St. Joseph makes up about a quarter of Baltimore County's 1,112 beds, but there are more than 4,000 in the city.
Still, potential buyers could see advantages in St. Joseph. U.S. News and World Report ranked seven specialties as high-performing and ranked the hospital 11th overall in the Baltimore area.
The suitors include the University of Maryland Medical System, MedStar Health, Greater Baltimore Medical Center, LifeBridge Health and St. Agnes Hospital, according the hospitals and others with knowledge of the negotiations.
Robert A. Chrencik, president and chief executive of the University of Maryland Medical System's 12-hospital system, said the St. Joseph's financial situation was troubling but his system has the "medical horsepower" to turn it around. And Greater Baltimore Medical Center's president, John B. Chessare, wrote in a blog post that his hospital and St. Joseph already work well together.
For its part, a St. Joseph spokeswoman said the hospital "is well-positioned for a strategic relationship, and other providers are taking a close look at the opportunity to form a relationship with an established, geographically desirable health care organization like ours."
Vivienne Stearns-Elliott said St. Joseph officials are pleased with the "quality of the submissions received and the level of interest expressed." The hospital is expected to choose finalists in January.
If the hospital were to close fully or partially, it would have to notify several state agencies — and state officials stress that has not happened. They would have oversight over everything from the way bond debt is repaid to how operations are wound down and where patients would go. State law also requires a closure plan to be approved by the secretary of the Department of Health and Mental Hygiene.
The state has helped some high-cost, underused hospitals close, including Liberty, Leland Memorial in Riverdale and Church Hospital in Baltimore, according to officials at the Health Services Cost Review Commission, which sets hospital rates. The closures save the state system money, said Stephen Ports, acting executive director of the commission.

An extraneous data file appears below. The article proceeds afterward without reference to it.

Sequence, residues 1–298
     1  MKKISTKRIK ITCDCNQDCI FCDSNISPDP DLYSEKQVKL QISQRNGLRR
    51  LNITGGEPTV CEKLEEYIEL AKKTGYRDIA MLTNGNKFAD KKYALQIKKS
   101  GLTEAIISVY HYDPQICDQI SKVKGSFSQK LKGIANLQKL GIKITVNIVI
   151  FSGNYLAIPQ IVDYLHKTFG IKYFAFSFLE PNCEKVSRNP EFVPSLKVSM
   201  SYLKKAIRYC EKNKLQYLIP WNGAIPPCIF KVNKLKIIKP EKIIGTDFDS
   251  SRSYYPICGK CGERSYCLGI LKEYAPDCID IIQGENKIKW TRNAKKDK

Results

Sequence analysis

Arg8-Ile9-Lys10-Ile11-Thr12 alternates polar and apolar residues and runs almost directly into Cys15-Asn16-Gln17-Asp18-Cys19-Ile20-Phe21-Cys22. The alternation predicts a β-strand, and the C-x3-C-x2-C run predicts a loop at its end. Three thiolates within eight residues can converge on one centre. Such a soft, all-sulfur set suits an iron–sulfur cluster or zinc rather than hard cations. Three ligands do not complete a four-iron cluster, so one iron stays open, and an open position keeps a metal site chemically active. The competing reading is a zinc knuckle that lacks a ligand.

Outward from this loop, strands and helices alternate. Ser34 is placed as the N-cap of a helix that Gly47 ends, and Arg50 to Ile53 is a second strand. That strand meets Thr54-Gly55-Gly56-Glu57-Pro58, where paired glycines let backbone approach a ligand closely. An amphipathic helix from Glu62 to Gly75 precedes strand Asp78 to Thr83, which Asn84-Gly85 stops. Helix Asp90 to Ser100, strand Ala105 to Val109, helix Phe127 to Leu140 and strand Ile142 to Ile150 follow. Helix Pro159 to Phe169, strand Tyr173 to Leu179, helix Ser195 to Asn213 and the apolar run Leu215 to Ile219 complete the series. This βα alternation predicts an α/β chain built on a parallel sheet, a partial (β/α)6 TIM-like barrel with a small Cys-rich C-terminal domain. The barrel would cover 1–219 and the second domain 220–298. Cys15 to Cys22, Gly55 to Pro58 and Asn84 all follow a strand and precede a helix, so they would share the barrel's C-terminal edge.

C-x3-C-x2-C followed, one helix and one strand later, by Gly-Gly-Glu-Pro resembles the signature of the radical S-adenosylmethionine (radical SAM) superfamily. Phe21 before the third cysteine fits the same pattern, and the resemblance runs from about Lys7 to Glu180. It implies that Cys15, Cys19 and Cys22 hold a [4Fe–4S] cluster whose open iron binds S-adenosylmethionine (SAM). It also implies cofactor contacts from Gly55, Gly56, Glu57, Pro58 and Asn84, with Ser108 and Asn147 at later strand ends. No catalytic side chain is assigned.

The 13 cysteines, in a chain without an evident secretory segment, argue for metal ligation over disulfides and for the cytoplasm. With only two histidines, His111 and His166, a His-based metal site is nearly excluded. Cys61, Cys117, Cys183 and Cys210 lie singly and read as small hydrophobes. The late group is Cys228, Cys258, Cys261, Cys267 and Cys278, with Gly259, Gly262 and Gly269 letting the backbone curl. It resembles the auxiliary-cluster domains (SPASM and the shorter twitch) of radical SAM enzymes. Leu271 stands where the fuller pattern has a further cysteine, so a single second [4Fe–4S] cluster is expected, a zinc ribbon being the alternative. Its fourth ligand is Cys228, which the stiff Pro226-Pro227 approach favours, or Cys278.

The county-owned Prince George's Hospital Center in Cheverly, overwhelmed by costs from uninsured patients but deemed necessary to the community, was bailed out by state and local officials in a deal that involves the University of Maryland system. (Nemzoff, the consultant, said it could have been sold if officials had not insisted on a hefty infusion of money while refusing to allow staff or services to be trimmed.)
There's been no review of the community's need for St. Joseph because it has taken no steps to close, said Ben Steffen, acting executive director of the Maryland Health Care Commission.
The cost review commission did credit St. Joseph $5.5 million earlier this year for administration, information technology and other costs. Other liabilities remain unresolved.
The hospital's troubles stem from allegations that medically unnecessary stents were placed by Dr. Mark Midei, who has since lost his license in Maryland. A kickback scheme uncovered during a federal investigation resulted in a $22 million settlement and repayment of funds for questionable procedures. The hospital also agreed to greater federal oversight.
And hundreds of patients are seeking millions in lawsuits against the doctor, St. Joseph and its parent.
One plaintiffs' lawyer noted that the hospital remains profitable despite a drop in revenue and holds $158 million in medical malpractice insurance, enough to cover the potential liability and insulate a buyer.
Andrew G. Slutkin said he is still negotiating with the hospital, and though "we're far apart," he expects the lawsuits to be resolved quickly to aid the sale process.
"St. Joe's has to say they made a mistake and they're fixing it," he said. "Then someone can come in and take over. Everyone moves on."